Mr. Bonan, what contribution would you like to make to the B. Braun—the next decade strategy?
Since I work directly with the factories, my main focus is on digitalization and automation of processes. I have worked on several projects with these goals in mind over the past few years and would like to expand on them.
Are you open to the change ahead?
Absolutely. I have always been curious and open-minded about new technologies; I love learning new things and looking for new solutions to old problems. When it comes to utility maintenance, we face a new challenge every day anyway, so flexibility and “thinking around corners” have always been part of my everyday working life at B. Braun.
What changes have you found difficult?
We operate our factories around the clock, seven days a week. Some of the projects I work on, such as flow meter replacement, require interruption to ongoing production. This means we have to plan very carefully when we can do the projects. We work very quickly and accurately here to minimize the disruption to production output from the implementation as much as possible – it’s like changing the tires on your car while it's running.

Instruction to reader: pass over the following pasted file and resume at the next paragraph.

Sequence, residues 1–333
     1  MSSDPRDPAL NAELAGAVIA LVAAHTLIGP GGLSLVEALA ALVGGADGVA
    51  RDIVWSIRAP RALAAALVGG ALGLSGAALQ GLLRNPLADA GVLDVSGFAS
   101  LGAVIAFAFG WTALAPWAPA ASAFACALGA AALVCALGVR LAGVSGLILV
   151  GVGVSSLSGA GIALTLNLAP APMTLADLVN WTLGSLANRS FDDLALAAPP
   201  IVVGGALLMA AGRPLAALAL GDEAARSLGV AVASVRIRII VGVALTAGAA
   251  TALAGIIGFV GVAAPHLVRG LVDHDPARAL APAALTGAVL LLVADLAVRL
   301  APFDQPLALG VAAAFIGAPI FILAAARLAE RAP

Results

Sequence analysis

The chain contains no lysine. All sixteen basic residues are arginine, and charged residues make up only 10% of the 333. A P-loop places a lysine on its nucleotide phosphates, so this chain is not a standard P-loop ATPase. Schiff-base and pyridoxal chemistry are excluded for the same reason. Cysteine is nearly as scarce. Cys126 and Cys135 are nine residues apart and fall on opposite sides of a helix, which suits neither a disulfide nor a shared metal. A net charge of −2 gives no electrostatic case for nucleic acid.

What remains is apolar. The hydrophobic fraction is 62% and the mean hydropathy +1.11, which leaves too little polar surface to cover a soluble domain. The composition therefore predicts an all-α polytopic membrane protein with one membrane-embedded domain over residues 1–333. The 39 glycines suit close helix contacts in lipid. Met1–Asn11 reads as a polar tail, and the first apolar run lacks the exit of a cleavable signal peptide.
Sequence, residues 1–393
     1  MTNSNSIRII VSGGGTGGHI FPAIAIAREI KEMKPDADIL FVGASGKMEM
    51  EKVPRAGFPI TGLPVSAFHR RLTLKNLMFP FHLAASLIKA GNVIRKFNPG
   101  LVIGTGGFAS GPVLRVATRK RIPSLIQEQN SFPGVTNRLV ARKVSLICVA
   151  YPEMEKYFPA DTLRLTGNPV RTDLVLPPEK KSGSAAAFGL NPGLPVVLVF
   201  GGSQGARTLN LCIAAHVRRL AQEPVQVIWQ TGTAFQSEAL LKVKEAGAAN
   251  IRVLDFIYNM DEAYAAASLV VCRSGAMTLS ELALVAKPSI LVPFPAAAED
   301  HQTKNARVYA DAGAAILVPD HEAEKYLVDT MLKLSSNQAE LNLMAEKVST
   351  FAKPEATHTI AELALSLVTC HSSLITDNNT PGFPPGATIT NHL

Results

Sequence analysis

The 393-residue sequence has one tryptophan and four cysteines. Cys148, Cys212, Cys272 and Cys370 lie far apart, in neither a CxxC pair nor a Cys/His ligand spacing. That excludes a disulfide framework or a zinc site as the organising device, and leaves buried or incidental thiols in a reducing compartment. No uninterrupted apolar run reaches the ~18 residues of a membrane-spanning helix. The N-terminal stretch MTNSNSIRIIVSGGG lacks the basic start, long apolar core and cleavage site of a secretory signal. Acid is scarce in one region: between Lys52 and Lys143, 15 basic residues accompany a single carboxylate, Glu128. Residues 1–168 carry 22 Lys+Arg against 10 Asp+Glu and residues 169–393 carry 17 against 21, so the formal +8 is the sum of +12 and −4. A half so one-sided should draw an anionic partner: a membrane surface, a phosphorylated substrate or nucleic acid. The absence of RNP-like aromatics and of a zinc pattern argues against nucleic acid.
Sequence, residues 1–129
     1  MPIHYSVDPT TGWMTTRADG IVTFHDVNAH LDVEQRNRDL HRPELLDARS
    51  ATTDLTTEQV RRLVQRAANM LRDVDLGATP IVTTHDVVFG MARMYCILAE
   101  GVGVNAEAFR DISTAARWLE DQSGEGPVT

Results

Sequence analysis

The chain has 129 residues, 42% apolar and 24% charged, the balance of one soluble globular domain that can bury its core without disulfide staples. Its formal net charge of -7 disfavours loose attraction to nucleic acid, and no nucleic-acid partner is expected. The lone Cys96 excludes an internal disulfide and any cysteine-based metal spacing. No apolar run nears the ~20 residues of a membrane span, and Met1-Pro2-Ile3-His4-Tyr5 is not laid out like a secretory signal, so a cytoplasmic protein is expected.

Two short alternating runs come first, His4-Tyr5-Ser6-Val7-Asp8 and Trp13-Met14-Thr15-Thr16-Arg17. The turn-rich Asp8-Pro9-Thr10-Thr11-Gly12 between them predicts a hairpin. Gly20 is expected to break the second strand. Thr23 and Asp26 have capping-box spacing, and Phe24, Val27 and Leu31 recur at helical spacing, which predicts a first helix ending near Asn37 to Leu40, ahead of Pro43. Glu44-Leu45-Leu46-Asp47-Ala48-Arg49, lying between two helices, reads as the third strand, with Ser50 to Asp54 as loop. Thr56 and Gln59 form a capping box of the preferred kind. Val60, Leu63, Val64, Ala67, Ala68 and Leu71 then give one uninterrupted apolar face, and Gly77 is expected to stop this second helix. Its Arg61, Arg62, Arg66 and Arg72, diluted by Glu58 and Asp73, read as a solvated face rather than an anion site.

Where do you see need for additional changes?
I think we should invest more in the training and development of our employees so that they are better prepared for the challenges.
What does the B. Braun culture mean to you?
I think we are on the right track for the future with the B. Braun—the next decade strategy. We want to remain a family business, but we are not closed to the natural development that is taking place in all companies worldwide. We want to develop in our own way. In this context, the most important thing for me personally is joint commitment, because we can only move forward together; so we have to try to motivate each other, find out where we think differently and what we can add to each other’s ideas, and how we can bring about and shape this change together